You have to be a fan of Fawlty Towers to understand this reference. I am, and I could hear O’Reilly’s voice this week as we drove around Kathmandu. Everywhere you look there was fresh paint on walls (and dripped over sidewalks) as the city starts to smarten up its a act in preparation for hosting the SAARC (South Asian Association for Regional Cooperation) conference next month. The organization has eight member countries (Nepal, India, Maldives, Sri Lanka, Bangladesh, Bhutan, Afghanistan and Pakistan) and basically all the new paint is about impressing the neighbours when they come to visit. The press has promised a government sprucing up of main arteries that foreign dignitaries are likely to travel. The budget seems to be for paint and flowers…not much else.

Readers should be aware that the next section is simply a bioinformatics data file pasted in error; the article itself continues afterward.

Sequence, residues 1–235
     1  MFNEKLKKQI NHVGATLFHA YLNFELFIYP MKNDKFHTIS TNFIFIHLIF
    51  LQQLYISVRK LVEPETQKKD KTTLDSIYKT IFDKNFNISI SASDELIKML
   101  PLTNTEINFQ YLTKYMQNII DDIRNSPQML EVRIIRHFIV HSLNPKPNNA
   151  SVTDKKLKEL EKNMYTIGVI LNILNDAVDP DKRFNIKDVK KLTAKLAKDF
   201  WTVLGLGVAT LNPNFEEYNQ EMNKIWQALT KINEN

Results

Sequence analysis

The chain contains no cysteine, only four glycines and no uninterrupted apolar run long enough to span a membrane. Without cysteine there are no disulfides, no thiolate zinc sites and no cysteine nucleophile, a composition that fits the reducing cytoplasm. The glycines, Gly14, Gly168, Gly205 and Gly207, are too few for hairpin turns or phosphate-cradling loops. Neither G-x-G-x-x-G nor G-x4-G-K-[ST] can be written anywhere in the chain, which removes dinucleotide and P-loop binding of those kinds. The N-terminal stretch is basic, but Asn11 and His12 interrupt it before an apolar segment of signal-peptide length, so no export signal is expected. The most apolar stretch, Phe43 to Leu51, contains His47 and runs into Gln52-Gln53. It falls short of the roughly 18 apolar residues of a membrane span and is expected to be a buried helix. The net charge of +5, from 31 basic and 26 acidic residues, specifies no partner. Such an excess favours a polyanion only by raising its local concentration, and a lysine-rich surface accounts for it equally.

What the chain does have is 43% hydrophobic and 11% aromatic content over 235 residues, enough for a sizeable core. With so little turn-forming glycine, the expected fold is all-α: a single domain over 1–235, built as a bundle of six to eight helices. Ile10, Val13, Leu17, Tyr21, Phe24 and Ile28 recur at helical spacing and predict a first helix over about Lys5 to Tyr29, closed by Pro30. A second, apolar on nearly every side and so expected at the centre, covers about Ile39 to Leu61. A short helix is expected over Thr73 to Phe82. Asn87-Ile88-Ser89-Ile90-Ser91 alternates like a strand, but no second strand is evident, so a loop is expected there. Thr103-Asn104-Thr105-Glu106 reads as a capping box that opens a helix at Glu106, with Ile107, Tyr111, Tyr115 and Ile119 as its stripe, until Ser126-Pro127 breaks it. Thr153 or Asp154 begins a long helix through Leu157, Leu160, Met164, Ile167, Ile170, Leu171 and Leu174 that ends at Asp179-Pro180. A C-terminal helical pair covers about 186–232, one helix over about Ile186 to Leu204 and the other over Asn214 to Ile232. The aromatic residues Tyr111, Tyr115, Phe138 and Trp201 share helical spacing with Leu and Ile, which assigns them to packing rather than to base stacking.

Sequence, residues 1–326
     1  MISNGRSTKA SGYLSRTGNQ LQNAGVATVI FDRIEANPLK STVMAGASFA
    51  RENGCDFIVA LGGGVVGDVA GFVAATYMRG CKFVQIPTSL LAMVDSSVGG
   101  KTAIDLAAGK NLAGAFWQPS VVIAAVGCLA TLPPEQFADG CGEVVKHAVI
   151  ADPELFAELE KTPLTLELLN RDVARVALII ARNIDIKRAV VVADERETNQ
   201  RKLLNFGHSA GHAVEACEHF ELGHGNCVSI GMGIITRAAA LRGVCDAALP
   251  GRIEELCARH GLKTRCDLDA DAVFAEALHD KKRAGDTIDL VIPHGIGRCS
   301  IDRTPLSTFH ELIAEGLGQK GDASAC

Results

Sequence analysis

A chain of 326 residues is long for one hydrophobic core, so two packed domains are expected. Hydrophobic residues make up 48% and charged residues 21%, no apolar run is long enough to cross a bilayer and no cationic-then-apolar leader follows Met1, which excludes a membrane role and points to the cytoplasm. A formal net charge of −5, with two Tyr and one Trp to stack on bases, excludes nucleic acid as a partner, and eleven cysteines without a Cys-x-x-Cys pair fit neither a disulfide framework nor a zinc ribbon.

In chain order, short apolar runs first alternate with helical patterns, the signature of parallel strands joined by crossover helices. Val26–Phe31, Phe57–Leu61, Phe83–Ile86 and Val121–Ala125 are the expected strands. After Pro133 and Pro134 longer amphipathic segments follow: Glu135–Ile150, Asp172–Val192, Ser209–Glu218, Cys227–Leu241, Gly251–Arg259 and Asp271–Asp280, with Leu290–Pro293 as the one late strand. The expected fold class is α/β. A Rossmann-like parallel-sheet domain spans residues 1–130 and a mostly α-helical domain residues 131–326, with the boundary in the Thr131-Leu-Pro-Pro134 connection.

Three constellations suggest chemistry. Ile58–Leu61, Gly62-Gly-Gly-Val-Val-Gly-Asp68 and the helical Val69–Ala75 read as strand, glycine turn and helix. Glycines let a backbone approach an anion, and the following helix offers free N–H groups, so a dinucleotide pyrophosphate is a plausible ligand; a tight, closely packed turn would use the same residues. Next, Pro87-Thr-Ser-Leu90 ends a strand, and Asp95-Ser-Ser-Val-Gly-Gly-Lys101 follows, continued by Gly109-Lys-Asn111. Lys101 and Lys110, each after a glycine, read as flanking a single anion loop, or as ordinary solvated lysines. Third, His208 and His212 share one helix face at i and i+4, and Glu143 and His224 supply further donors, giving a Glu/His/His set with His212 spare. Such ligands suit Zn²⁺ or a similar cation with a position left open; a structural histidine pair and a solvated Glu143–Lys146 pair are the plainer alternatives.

Work is well underway in our neighbourhood, with mixed results. I am noticing how much cleaner and fresher the city is, but at the same time, they are also painting over impressive artist murals, and slapping the stuff around over old brick walls that looked better with an old patina than a badly applied coat of paint. At least the paint companies are happy! Here are a few photos from the efforts around town near us. It should be noted that all the photos were taken within a five minute period…there are that many people all painting at the same time:
This community water source looked pretty good in old brick. Now it has sloppy white paint all over it. This one’s a fail.
Painting with a buddy
The end of a massive brick wall. Painting between the bricks takes a long time.
This half-painted wall technique is one that I’m seeing a lot. Its either a way of using less paint, or the philosophy could be “why paint the bottom bit that’s going to get dirty anyway?”
One of the smarter efforts